Re: Indiana Jones Roleplaying Games

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Posted by YodaBoy on September 25, 1997 at 19:39:52:

In Reply to: Re: Indiana Jones Roleplaying Games posted by Indy Anna Jones on September 24, 1997 at 20:02:13:

: Hi!
: What I want 2 know is... how the heck (well, I was
: thinking of a word more hevily in prophanic nature
: but have not dicipered if there is a censor or not
: yet) is a role playing game!!! Well, I mean, I
: know/I> what it is, but how doese it work? I
: wanna play 1 but the concept is just Byond me...
: Care 2 Xplane? I mean, U don't have 2 or
: NE thing...

A roleplaying game is just a more sophisticated version of the children's game, "Let's Pretend." It is often described as interactive storytelling. You and your friends assume the role of characters in the
story, and your choices and actions affect the tale's outcome.

In the Indiana Jones Roleplaying Game, you don't play the main characters from the films, but people like them. If you want to be
like Indy or Marcus, you play an archaeologist or a scholar.
The rules for the Indiana Jones Roleplaying Game all follow one basic idea:

Pick a difficulty number. If the character's roll is equal or higher, he succeeds.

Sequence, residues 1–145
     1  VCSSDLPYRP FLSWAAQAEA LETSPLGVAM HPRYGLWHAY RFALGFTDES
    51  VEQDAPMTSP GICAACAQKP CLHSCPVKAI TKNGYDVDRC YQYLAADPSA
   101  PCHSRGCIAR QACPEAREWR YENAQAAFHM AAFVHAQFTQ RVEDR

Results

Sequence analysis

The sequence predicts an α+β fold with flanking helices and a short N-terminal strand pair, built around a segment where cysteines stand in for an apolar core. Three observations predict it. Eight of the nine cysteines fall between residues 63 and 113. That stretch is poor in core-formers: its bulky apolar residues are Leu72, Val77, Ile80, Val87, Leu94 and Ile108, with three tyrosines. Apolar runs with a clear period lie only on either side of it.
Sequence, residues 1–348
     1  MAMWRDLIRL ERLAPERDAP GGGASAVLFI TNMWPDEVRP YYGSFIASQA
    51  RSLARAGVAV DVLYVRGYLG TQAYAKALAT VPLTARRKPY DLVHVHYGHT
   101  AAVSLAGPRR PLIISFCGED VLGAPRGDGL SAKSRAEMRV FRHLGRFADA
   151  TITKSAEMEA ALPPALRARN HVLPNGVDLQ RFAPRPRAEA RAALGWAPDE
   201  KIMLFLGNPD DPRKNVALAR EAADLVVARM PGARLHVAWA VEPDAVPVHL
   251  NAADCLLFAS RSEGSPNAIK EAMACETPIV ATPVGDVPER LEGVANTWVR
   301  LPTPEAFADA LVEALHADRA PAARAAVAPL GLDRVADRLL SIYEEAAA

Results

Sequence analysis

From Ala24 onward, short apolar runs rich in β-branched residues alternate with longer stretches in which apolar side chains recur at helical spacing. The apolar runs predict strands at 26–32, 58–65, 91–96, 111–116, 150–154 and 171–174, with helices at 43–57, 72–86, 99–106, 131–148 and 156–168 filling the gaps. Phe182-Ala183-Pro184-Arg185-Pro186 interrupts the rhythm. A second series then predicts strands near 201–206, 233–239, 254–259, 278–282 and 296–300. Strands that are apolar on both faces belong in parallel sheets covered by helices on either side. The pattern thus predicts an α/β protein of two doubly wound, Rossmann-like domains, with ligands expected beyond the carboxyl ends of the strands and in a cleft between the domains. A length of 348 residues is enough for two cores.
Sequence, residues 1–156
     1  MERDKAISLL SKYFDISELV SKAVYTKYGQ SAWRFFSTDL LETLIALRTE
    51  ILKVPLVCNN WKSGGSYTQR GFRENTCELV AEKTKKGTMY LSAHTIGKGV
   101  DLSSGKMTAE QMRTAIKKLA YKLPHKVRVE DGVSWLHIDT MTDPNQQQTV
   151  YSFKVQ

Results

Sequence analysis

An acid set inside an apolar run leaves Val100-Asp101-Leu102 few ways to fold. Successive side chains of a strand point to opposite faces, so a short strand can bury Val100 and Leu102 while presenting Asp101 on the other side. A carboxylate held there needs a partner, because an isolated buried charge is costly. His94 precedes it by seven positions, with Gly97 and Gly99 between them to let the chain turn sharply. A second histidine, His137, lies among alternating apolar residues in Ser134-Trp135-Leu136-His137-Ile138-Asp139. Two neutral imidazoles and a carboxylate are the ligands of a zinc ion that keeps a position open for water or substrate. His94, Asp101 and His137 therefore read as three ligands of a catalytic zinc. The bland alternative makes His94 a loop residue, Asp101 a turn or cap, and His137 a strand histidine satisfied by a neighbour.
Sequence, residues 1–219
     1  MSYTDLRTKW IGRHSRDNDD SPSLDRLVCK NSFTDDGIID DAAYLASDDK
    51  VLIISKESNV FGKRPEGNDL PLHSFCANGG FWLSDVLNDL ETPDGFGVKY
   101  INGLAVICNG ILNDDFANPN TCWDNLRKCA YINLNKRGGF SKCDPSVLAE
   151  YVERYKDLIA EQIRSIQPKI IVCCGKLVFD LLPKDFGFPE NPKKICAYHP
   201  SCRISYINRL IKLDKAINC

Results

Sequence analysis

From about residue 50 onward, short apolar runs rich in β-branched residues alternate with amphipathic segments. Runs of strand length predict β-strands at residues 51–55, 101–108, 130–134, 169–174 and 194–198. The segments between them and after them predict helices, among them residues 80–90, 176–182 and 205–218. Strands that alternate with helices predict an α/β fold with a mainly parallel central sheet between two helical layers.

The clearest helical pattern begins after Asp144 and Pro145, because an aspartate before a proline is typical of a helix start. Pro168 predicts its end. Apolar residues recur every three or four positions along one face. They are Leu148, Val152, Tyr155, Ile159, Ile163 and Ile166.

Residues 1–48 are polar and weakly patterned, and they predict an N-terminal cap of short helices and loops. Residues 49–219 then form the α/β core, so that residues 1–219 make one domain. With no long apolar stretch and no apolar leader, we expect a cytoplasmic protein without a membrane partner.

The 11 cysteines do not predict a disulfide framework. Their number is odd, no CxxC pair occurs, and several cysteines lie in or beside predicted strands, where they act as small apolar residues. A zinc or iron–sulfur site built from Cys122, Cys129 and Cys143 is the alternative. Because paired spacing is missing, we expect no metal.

In the Indiana Jones Roleplaying Game, one player (called a gamemaster) tells the others what their characters see and hear, and
portrays any "supporting characters" the players' heroes encounter. Sometimes maps, game pieces, props and miniature
vehicles are used, but most of the time the action takes place in the participants' imaginations. Combat, chases, and other
conflicts are resolved by simple rules involving the rolling of dice; the better the player rolls, the more successful his character
is at a particular task. Whether the character succeeds or fails at these tasks can dramatically change the story's outcome.

Any good story - in books, television or films - has characters, a setting, and conflict. The players portray the characters.
George Lucas and Steven Spielberg have provided the setting in the Indiana Jones movies you've seen - basically our world in the 1930s with a pulp twist. The gamemaster creates the conflict. When mixed
together, you get a good story.

It's a lot easier to show somebody how roleplaying games work than it is to describe one. If there are any comic or gaming stores nearby you can probably find a group of nerds who would be more than happy to show you how RPGs work :-). They all have different rules but follow the same basic format/idea of players assuming the roles of characters in a story where they determine the outcome. With a cool group of players RPGs can be a blast.

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